This roadmap begins with the visual integration of data and applications inside a new, common interface, which has two immediate benefits: it creates a uniform look and feel with a familiar Web browser interface, and at the same time it separates these interfaces from backend design and programming. This sets the groundwork for changing backend systems without disrupting users' day-to-day work. The scenario then moves to improving data integration, both at the operational reporting levels and the application-to-application levels. And, finally, it moves to consolidating the enterprise master data — the core definitions of products, customers, and other basic information elements required to create a consistent global view of business operations. Let's walk through each of these four steps.
Step 1: Consolidate Key User Interfaces
In this first step, SAP EP groups together diverse systems — including many of a company's most commonly used applications, information, and services — into a single, browser-based interface. This consolidated interface provides a benefit users can enjoy immediately. It gives them a Web-based, personalized interface to various data sources or applications appropriate to their day-to-day work. SAP EP interfaces are frequently used for creating self-services applications, for establishing communities of interest, and for promoting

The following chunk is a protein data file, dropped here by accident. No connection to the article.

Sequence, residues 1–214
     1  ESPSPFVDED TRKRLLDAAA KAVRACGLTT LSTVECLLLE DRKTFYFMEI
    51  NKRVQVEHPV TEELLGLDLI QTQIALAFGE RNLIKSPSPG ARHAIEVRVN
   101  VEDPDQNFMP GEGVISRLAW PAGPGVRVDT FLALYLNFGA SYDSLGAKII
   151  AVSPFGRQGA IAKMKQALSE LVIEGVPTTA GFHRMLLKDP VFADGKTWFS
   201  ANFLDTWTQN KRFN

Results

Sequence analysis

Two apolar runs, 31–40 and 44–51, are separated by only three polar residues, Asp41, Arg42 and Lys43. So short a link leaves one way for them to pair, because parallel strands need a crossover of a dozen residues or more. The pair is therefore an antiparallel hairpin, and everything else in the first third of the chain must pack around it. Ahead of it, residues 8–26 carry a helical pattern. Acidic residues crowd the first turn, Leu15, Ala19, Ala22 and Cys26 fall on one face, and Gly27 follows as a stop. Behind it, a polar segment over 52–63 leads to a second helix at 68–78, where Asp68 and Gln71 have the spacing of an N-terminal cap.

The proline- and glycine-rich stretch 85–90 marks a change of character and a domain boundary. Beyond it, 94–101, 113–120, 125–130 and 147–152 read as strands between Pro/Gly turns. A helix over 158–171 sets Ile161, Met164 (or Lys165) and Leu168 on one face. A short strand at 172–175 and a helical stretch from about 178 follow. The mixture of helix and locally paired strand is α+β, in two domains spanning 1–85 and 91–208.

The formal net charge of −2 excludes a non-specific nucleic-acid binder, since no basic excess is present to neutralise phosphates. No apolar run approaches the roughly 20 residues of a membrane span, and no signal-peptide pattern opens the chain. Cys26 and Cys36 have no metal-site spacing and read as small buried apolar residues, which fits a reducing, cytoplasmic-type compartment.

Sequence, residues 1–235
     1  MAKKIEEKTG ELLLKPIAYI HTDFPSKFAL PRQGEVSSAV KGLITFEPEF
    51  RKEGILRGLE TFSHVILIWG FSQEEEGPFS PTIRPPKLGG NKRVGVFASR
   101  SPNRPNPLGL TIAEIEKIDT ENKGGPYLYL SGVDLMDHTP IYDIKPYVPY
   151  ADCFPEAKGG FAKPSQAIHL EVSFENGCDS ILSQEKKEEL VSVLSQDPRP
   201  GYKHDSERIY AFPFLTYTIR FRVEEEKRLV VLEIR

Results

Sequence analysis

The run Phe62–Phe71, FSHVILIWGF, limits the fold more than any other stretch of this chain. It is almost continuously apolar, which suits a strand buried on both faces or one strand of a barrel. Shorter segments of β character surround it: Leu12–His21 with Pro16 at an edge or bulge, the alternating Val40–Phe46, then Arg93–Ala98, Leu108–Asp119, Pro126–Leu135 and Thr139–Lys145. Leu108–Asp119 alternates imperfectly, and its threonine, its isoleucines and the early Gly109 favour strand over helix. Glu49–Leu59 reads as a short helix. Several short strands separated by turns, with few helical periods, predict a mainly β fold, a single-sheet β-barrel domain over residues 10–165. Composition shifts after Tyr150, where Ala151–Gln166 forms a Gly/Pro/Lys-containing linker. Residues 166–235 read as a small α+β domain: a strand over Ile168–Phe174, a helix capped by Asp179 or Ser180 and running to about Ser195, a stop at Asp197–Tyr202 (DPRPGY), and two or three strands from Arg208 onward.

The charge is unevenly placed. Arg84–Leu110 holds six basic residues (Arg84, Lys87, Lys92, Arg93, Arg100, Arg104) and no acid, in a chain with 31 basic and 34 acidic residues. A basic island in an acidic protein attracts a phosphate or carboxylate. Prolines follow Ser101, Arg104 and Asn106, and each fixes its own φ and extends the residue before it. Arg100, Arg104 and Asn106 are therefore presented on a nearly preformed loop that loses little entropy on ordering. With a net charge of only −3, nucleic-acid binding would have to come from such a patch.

teamwork across geographical and
Just as importantly, SAP EP allows IT to make underlying infrastructure changes without disrupting business processes or requiring end-user retraining. For example, portal users accessing employee self-service functions can continue using those features even as backend human resource systems are updated or replaced. The portal lets the IT team begin addressing the need to consolidate redundant and inefficient parts of the infrastructure without impacting end users.